How the Masai are being reached

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The ACTS overland truck rumbled into a clearing, a fair distance from the main road, which was nothing more than an overused goat track. The clearing was fairly well hidden in thick bush and would make an excellent campsite and base for the next ten days.

It was about 5 o’clock in the afternoon and the team of 12 American men was tired after the long, bumpy drive from Nairobi to Masailand. Local Masai pastors and translators greeted the team as they climbed out of the truck. It was a happy reunion, as all but one or two of them had been to Masailand before.

The ACTS crew, Daniel, Vincent and John, got to work immediately. Vincent started preparing dinner while Daniel and John, with the help of the team, set up the two-man dome tents, the bush shower and toilet, and collected firewood for the campfire. The campfire has become a very important part of these particular mission trips.

Spaghetti bolognaise, one of the team’s favourite meals, was set out on a long table along with a fresh salad by the time the camp had been set up. The team and translators helped themselves and sat on camp stools around the fire. The team leader gave thanks and everyone ate hungrily and talked about past trips. Once dinner was over and dishes had been washed, the team leader talked through the plan for the next ten days – spreading the Gospel to as many Masai people as possible.

The strategy employed is unique and had worked exceptionally well on all previous outreach trips. The team of 12 men was split into 4 groups of 3, plus a translator and a local guide. Each morning after a big breakfast, the 4 groups set out on foot and headed off in different directions looking for Masai bomas or homesteads. They would approach each boma in a similar manner. The oldest man in each group would ask permission, through the Masai translator, to share a story with the family about God. Because each boma comes under the leadership of the oldest man in the family, he would be the one that the old man in the group would approach. In Masai culture, with age comes authority, and so being approached by an old man is acceptable. Once permission is granted, the whole family (sometimes up to 50 people including men, women and children) would gather around the 3 Americans and the translator. Two members of the group would hold up what is called a “story cloth”, which generally immediately gets the attention of the group. It is a cloth about a meter squared with 42 illustrations on it depicting scenes from the Bible – from creation to the fall of man, to the birth, death and resurrection of Christ. The 3rd man in the group would tell the story with the assistance of the translator, pointing to each illustration as he went along. He would start off by greeting the group and telling them where he was from and that he wanted to share a story about God with them. Most of the time the group would listen attentively and occasionally ask questions. The presenter would show similarities between the old sacrificial system in the Bible and the Masai culture and finally get to the part of the story where Jesus is introduced as Saviour. At the end of the presentation the presenter would invite the group to accept Christ into their hearts. Often the responses were overwhelming.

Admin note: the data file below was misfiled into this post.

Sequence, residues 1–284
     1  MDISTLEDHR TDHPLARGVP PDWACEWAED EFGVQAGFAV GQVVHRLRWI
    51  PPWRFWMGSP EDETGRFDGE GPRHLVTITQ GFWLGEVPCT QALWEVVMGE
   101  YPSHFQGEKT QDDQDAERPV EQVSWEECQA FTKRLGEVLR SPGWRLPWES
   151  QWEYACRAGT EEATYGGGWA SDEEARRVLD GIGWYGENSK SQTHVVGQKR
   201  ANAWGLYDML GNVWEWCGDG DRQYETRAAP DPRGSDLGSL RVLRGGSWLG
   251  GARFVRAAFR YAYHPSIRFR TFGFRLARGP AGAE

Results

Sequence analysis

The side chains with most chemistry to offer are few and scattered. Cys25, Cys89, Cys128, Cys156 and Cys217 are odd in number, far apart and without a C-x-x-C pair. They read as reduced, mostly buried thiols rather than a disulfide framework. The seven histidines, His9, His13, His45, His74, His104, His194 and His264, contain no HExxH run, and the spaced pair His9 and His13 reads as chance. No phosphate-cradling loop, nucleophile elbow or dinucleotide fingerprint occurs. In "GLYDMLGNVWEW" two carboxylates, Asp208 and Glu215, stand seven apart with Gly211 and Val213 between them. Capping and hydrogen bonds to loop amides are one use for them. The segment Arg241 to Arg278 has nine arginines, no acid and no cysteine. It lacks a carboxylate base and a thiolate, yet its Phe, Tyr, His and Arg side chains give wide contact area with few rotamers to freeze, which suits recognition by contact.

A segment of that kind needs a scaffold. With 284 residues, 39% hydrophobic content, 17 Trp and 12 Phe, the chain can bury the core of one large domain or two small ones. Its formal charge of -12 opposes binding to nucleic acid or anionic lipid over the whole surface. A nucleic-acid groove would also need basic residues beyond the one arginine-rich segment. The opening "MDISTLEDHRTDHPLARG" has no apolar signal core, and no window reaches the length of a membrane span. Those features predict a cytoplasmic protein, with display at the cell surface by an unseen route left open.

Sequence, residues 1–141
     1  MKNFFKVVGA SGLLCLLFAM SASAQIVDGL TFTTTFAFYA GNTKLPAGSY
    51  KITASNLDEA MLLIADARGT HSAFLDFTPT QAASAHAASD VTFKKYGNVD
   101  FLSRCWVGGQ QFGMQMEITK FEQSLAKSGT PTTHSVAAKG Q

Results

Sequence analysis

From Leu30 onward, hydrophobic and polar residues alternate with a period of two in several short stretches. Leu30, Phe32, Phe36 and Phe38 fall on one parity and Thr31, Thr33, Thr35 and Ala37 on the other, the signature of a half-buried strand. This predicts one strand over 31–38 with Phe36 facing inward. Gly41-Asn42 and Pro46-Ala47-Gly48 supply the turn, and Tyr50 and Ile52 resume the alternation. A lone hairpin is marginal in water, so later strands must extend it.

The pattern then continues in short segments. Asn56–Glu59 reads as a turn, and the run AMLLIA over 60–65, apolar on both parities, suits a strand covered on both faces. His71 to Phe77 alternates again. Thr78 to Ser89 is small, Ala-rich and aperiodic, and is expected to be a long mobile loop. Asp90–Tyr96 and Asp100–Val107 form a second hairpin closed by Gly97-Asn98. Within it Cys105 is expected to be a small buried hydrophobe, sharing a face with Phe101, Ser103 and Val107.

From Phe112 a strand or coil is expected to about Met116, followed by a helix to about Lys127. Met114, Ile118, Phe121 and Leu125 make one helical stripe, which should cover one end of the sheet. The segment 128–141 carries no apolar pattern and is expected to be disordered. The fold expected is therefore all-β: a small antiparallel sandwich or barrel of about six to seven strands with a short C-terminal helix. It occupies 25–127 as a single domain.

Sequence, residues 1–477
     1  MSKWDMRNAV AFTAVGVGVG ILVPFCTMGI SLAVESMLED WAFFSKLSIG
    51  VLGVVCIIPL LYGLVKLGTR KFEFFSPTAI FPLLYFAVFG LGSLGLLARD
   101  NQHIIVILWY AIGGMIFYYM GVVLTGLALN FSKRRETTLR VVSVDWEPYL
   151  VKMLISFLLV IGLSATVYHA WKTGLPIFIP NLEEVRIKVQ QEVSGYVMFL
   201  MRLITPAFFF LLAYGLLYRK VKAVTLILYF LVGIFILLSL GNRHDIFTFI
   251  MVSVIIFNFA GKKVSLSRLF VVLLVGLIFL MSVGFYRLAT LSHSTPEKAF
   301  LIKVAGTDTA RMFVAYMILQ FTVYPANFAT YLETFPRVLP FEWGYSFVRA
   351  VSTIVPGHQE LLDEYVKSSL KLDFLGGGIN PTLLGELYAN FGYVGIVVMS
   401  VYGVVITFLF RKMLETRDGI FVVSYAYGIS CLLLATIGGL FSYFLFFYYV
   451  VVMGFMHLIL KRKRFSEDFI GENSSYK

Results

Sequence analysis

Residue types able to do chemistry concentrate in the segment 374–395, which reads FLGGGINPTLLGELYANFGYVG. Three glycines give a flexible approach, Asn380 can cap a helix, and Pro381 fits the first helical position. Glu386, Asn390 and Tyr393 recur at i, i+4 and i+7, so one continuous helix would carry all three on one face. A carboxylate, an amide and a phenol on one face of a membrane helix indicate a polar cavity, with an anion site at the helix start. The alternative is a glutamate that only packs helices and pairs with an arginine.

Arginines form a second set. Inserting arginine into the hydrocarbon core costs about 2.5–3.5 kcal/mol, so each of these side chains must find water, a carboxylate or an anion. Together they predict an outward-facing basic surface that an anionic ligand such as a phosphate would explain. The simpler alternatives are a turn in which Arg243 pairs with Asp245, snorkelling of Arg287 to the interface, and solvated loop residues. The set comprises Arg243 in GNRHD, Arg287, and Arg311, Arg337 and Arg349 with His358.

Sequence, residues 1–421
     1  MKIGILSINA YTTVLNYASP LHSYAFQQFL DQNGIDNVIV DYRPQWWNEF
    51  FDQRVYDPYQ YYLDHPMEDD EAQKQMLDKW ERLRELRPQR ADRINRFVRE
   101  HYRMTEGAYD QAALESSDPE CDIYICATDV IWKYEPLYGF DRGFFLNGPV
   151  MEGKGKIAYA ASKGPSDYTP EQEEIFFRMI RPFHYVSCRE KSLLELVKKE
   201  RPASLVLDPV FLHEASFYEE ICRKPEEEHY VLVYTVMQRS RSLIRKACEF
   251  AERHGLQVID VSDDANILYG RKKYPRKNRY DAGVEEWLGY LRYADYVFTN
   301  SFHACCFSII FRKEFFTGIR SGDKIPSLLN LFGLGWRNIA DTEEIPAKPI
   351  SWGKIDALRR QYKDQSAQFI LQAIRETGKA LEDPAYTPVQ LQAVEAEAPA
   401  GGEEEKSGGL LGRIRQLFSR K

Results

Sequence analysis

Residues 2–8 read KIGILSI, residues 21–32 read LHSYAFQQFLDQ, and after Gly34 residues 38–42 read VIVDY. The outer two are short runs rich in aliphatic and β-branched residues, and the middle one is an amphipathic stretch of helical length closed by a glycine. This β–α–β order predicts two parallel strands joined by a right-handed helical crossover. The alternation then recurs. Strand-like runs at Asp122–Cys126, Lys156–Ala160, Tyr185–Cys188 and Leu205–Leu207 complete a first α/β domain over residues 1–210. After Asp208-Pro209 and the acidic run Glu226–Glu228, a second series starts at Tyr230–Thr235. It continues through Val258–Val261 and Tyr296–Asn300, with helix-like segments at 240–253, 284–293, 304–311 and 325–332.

After the presentation, the group moved on to the next boma. Typically, each group presented to 3-4 bomas in a day, eating snacks for lunch while on the move. At about 4 o’clock each afternoon, the men returned to camp, first freshening up and then sitting around the campfire waiting for dinner. Vincent set out a large bowl of popcorn as a pre-dinner snack, much to the delight of the group.

Each night after dinner the team came together for devotions around the fire, sharing their experiences, reflecting upon the day, and praying together under the majestic African night-sky. This was a special time of bonding and spiritual growth for the visiting mission team, the Masai translators and the ACTS crew, as all shared in this incredible experience and in the wonderful work God was doing among the Masai.

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